Tramway à Lisbonne by yannick le goff on 500px
This morning I stumbled upon a blog post by a Berlin-based venture capitalist (Ciarán O’Leary) talking about how Lisbon feels like the next Berlin. In other words, it feels like the next great European startup hub.
Here’s his reasoning:
- The tech scene is organic – it happened on its own, came out of nowhere. That is much more fun and sustainable than any kind of political or targeted economic strategy.
- There are a ton of constraints (funding, local talent base, etc.) so entrepreneurs need to hustle to make things happen. Hustle is good.
- Berlin was an economic void, Portugal had a massive economic crisis and Lisbon sure isn’t letting that crisis go to waste.
- Entrepreneurship has the real chance to be a center stage act, not a side gig. It’s everywhere.
- The city is very, very cool. You just want to be here.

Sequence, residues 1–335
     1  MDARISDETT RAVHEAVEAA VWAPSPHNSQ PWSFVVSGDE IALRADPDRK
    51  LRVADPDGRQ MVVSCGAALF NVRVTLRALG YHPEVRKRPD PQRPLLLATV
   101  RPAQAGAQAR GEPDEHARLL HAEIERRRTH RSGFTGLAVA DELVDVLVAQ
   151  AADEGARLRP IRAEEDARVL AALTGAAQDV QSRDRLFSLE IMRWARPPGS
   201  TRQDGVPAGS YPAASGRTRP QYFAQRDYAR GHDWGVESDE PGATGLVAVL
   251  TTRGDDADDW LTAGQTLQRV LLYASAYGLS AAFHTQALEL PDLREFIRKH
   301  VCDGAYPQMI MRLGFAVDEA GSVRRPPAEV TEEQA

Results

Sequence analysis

- You can have a great life on a startup salary.
- Everyone speaks english; everyone is welcoming and open. That matters a lot when you want to attract international talent and funding.
Of course, he’s not the only one calling Lisbon the next Berlin. The EU also named Lisbon “the most entrepreneurial region in Europe in 2015.” Isn’t it interesting what can grow out of economic crisis? See PIGS.
I also don’t think it’s a coincidence that Monocle held its first ever Quality of Life Conference in Lisbon. It’s a testament to O’Leary’s point above that, “You just want to be here.”
And while being “very, very cool” may not seem immediately relevant to creating a robust startup environment, it really is. It may be the most important point. It makes the city a magnet for talent.
Just the other day I was trying to explain Berlin to someone and I used a similar lexicon. I said: “It’s an unbelievably cool city. It bleeds hipness. You will love it.”
If you’re a city, that’s a great thing to be.